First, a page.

COUNTY POLITICS: Tycoons take part in Uhuru’s re-election bid

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In a fundraising at Windsor Club in February 2016, Sh52 million was raised.

On January 19, President Uhuru Kenyatta arrived at the Thika Greens Golf resort, Murang’a County where a group of tycoons was waiting.

Among them was Equity Bank founder Peter Munga.

The President had one mission; to flag off a caravan of lorries that would be used to mobilise young people register as voters in 11 Mt Kenya counties.

The vehicles had one conspicuous name emblazoned on their sides: “The Mt Kenya Foundation”, an organisation that has become a political rod in the region.

Those who love it do so with a passion and those who oppose it have nothing kind to say.


The group was formed at the height of 2007/post-election violence by Mr Munga and his wealthy friends.

It is led by a board that includes billionaires like Mastermind Tobacco boss Wilfred Murungi, former KRA chief Michael Waweru, insurance tycoon and Dagoretti MP Dennis Waweru and its coordinator Mutuma Nkanata.

And there is no doubt that it enjoys State House patronage.

In addition to the flag-off of the lorries by Mr Kenyatta, the first family is a frequent contributor.

In a fundraising at Windsor Club in February 2016, Sh52 million was raised.

Contributors included Uhuru’s uncle George Muhoho and cousin Ann Nyokabi, who is also the Kiambu Woman Rep.

“We run the foundation through contribution from well-wishers and directors who support our cause,” Mr Nkanata said, adding that the aim of the foundation is to unify the country and promote socio-economic and political development of the region.

“And of course to ensure President Kenyatta is re-elected. He has guaranteed stability,” he said when pressured on the group’s political stand.

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It is this aim that has rattled friend and foes.

To execute Mr Kenyatta’s re-election, the foundation has come up with a cocktail of political and economic strategies that are hinged on four-pillars: the fight against alcoholism, launch of a Sh100 billion economic plan for 11 counties, voter mobilisation and to ensure Jubilee retains a majority in the National Assembly and Senate.  

To safeguard Jubilee’s majority in Parliament in the face of recent defections, the foundation’s directors have asked small parties supporting President Kenyatta in Mt Kenya not to field candidates for parliamentary positions.

It wants Jubilee to maintain “the tyranny of numbers”.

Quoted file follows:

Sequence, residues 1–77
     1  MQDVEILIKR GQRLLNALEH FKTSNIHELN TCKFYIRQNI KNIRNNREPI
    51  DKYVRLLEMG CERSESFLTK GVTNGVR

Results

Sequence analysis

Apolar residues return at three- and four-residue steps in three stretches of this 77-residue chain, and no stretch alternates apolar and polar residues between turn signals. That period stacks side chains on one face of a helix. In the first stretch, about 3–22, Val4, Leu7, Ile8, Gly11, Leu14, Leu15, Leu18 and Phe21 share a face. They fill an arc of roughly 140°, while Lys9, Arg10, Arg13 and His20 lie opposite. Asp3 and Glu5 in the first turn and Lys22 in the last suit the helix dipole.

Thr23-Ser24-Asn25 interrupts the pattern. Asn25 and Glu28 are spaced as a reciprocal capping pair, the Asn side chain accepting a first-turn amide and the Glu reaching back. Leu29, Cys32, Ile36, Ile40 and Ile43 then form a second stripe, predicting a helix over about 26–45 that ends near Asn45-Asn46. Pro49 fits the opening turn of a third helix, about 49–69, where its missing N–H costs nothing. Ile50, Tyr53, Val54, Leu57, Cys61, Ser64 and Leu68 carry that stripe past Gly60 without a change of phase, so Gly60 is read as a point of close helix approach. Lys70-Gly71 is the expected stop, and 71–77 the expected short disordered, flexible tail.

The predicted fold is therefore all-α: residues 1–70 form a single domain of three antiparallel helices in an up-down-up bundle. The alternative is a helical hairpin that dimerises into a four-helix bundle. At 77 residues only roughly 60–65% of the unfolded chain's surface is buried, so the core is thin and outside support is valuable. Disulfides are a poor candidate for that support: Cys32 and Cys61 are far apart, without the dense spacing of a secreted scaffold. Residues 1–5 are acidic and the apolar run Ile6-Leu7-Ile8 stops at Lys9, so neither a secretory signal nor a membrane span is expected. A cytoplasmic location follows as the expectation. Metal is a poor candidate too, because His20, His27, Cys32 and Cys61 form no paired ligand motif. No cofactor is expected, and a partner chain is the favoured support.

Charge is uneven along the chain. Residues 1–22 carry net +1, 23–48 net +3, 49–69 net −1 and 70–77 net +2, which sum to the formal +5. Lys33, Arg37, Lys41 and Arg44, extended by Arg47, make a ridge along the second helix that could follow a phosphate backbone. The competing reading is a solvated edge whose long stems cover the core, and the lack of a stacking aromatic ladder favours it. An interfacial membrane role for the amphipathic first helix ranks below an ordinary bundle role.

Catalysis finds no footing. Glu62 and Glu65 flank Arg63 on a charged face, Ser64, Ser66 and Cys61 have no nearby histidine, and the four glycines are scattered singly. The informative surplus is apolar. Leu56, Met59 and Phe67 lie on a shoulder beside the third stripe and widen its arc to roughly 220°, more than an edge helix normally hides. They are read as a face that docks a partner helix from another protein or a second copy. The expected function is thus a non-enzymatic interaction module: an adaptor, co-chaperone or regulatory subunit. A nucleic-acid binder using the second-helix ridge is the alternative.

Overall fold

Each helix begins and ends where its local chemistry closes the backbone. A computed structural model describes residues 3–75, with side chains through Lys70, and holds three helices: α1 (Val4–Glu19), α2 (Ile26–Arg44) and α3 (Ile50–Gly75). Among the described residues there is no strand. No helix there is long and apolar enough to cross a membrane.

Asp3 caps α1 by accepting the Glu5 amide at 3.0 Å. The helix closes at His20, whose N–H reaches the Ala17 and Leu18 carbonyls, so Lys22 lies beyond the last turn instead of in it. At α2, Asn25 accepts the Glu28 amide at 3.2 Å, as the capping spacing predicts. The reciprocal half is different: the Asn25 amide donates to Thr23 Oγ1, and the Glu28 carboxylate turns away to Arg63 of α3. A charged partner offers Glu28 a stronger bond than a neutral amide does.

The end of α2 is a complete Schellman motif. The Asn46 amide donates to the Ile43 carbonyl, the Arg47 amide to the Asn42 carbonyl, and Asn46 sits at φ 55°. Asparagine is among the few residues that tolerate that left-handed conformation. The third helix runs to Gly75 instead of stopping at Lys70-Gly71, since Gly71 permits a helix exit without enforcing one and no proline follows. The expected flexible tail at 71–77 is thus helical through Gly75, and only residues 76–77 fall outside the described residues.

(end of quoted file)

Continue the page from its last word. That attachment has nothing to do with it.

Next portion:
Mr Titus M’Ibui, another director of the foundation, said by only fielding candidates for governor and ward representative, the parties would enable Jubilee enjoy a majority in Parliament.

Several politicians defected from Jubilee to parties like Chap Chap, PNU, DP and Narc-K.

“The small parties could deny the President a legacy,” Mr M’Ibui said.

His sentiments were echoed by Meru Senator Kiraitu Murungi who cited the Kibaki government, which won the 2007 elections but only had 41 MPs.

“In 2007, we were blackmailed by Ford-K. They demanded seven PS slots in order to support us. I would not wish Jubilee to go through that,” he said.

But the parties have opposed the deal, calling it a plot to stifle democracy in Mt Kenya.

“We expect to have at least seven PNU MPs in Meru. In other counties, some people are waiting for the opportune time to make public their stand,” Meru Governor Peter Munya said.

Tigania West MP David Karithi, who opposed the Meru Jubilee officials’ election, said small parties had a right to field candidates for any seat.

The foundation has since 2016 been funding the destruction of illicit liquor in a Sh15 million drive endorsed by the President.

In addition to funding MPs who mobilised youths to raid drinking dens, it also funded a meeting of MCAs to draft laws on liquor.

A meeting held by central Kenya MPs in Nyeri was also a brainchild of the foundation.

It is telling that Internal Security PS Karanja Kibicho attended all the meetings.

“Alcohol had destroyed young people. It was affecting everything; from joblessness to voting. The region is now better,” Mr Nkanata told the Nation.

“That fight has helped our youth get back on track economically and socially. That is why we achieved voter registration targets,” Mr Murungi said.

The foundation has pumped close to Sh70 million to mobilise voters in the 11 counties.

This is through a web of politicians, grassroots leaders and boda bodas.

In addition to the caravans, the foundation paid boda bodas daily for three weeks to identify and ferry youths to registration centres.

It also worked with chiefs and their assistants to deliver identity cards to young people and take them to the centres.

The foundation sponsored concerts in several counties to ring up voters. Musicians and bloggers rallying the youth were paid by the tycoons.

“The resources have proved useful. It is the reason we have hit close to 80 per cent of our target,” Mr Murungi said.

The foundation spent Sh11 million in the Meru mobilisation.

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